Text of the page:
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dc.contributor.authorChandrasekaran, Chandramoulien
dc.contributor.authorTrubanova, Andreaen
dc.contributor.authorStillitano, Sébastienen
dc.contributor.authorCaplier, Aliceen
dc.contributor.authorGhazanfar, Asif A.en
dc.date.accessioned2019-05-15T18:17:20Zen
dc.date.available2019-05-15T18:17:20Zen
dc.date.issued2009-07-17en
dc.identifier.urihttp://hdl.handle.net/10919/89536en
dc.description.abstractHumans, like other animals, are exposed to a continuous stream of signals, which are dynamic, multimodal, extended, and time varying in nature. This complex input space must be transduced and sampled by our sensory systems and transmitted to the brain where it can guide the selection of appropriate actions. To simplify this process, it’s been suggested that the brain exploits statistical regularities in the stimulus space. Tests of this idea have largely been confined to unimodal signals and natural scenes. One important class of multisensory signals for which a quantitative input space characterization is unavailable is human speech. We do not understand what signals our brain has to actively piece together from an audiovisual speech stream to arrive at a percept versus what is already embedded in the signal structure of the stream itself. In essence, we do not have a clear understanding of the natural statistics of audiovisual speech. In the present study, we identified the following major statistical features of audiovisual speech. First, we observed robust correlations and close temporal correspondence between the area of the mouth opening and the acoustic envelope. Second, we found the strongest correlation between the area of the mouth opening and vocal tract resonances. Third, we observed that both area of the mouth opening and the voice envelope are temporally modulated in the 2–7 Hz frequency range. Finally, we show that the timing of mouth movements relative to the onset of the voice is consistently between 100 and 300 ms. We interpret these data in the context of recent neural theories of speech which suggest that speech communication is a reciprocally coupled, multisensory event, whereby the outputs of the signaler are matched to the neural processes of the receiver.en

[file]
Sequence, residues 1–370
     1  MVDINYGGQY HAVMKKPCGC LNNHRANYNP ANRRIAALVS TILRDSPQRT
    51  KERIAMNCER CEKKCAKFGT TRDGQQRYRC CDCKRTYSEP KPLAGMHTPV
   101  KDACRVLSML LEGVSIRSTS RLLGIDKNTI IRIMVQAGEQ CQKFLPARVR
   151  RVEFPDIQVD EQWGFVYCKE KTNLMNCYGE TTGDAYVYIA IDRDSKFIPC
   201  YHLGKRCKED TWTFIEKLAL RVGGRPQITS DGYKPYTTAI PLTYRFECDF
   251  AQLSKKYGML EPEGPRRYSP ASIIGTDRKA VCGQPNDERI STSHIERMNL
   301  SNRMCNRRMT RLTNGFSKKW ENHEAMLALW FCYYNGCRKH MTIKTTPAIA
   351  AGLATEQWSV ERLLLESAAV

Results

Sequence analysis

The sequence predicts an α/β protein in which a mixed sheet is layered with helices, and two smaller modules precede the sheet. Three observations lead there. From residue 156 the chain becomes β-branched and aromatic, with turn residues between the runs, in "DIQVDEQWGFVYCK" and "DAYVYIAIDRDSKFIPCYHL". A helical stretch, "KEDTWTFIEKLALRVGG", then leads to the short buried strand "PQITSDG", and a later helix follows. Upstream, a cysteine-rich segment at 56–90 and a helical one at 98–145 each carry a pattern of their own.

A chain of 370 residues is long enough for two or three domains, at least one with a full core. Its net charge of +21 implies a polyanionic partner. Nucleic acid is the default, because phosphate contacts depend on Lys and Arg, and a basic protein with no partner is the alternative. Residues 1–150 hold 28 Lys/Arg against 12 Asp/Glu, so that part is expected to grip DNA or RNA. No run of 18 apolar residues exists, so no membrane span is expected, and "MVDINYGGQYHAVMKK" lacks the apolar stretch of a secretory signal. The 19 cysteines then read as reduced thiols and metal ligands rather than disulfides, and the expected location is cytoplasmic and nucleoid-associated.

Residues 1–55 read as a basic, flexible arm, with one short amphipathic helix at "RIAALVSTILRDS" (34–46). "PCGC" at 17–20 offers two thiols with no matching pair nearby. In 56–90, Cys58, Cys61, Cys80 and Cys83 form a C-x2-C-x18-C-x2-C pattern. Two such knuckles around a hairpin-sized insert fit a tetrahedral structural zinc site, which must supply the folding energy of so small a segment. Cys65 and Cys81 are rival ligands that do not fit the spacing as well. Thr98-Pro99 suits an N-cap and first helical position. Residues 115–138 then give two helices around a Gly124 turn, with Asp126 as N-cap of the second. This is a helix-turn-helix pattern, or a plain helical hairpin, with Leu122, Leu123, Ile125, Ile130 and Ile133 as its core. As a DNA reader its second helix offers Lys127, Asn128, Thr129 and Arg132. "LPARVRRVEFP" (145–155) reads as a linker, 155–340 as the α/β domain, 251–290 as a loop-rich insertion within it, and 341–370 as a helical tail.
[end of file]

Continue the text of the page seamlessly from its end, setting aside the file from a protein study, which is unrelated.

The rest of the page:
dc.description.sponsorshipThis work was supported by the National Institutes of Health (NINDS) R01NS054898 (AAG), the National Science Foundation BCS-0547760 CAREER Award (AAG), and Princeton Neuroscience Institute Quantitative and Computational Neuroscience training grant NIH R90 DA023419-02 (CC). The Wisconsin x-ray facility is supported in part by NIH NIDCD R01 DC00820 (John Westbury and Carl Johnson).en
dc.format.mimetypeapplication/pdfen
dc.language.isoen_USen
dc.publisherPLOSen
dc.rightsCreative Commons Attribution 4.0 Internationalen
dc.rights.urihttp://creativecommons.org/licenses/by/4.0/en
dc.titleThe Natural Statistics of Audiovisual Speechen
dc.typeArticle - Refereeden
dc.contributor.departmentPsychologyen
dc.title.serialPLoS Computational Biologyen
dc.identifier.doihttps://doi.org/10.1371/journal.pcbi.1000436en
dc.identifier.volume5en
dc.identifier.issue7en
dc.type.dcmitypeTexten


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Creative Commons Attribution 4.0 International
License: Creative Commons Attribution 4.0 International